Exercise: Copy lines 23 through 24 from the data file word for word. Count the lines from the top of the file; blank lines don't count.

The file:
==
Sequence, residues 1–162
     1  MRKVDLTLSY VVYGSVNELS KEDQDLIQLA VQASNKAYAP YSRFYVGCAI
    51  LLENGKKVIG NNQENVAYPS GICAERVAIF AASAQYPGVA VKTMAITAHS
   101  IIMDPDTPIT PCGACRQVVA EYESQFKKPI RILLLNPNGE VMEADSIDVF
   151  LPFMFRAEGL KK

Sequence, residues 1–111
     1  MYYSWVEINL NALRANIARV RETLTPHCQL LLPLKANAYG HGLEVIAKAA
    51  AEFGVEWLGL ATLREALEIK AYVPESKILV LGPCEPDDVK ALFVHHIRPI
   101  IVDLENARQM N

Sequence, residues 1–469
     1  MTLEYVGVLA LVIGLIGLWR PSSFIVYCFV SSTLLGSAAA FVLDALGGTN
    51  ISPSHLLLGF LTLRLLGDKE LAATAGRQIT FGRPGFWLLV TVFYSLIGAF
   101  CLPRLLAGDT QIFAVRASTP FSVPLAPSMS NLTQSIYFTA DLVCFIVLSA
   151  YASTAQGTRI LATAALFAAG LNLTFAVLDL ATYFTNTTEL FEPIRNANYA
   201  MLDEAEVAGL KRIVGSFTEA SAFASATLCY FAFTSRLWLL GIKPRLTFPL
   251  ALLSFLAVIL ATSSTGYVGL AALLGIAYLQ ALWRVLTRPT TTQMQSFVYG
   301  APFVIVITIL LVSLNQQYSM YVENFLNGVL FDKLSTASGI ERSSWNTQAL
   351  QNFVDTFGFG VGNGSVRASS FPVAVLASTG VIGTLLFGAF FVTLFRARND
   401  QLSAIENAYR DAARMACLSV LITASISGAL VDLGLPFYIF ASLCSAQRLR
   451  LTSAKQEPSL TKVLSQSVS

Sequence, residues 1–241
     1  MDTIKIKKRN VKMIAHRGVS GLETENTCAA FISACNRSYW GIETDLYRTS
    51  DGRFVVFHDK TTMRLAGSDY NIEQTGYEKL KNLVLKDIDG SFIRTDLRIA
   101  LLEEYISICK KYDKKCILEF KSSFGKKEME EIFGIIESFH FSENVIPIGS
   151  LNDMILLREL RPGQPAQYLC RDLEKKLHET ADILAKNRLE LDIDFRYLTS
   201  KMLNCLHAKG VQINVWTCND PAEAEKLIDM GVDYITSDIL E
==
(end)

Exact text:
    51  DGRFVVFHDK TTMRLAGSDY NIEQTGYEKL KNLVLKDIDG SFIRTDLRIA
   101  LLEEYISICK KYDKKCILEF KSSFGKKEME EIFGIIESFH FSENVIPIGS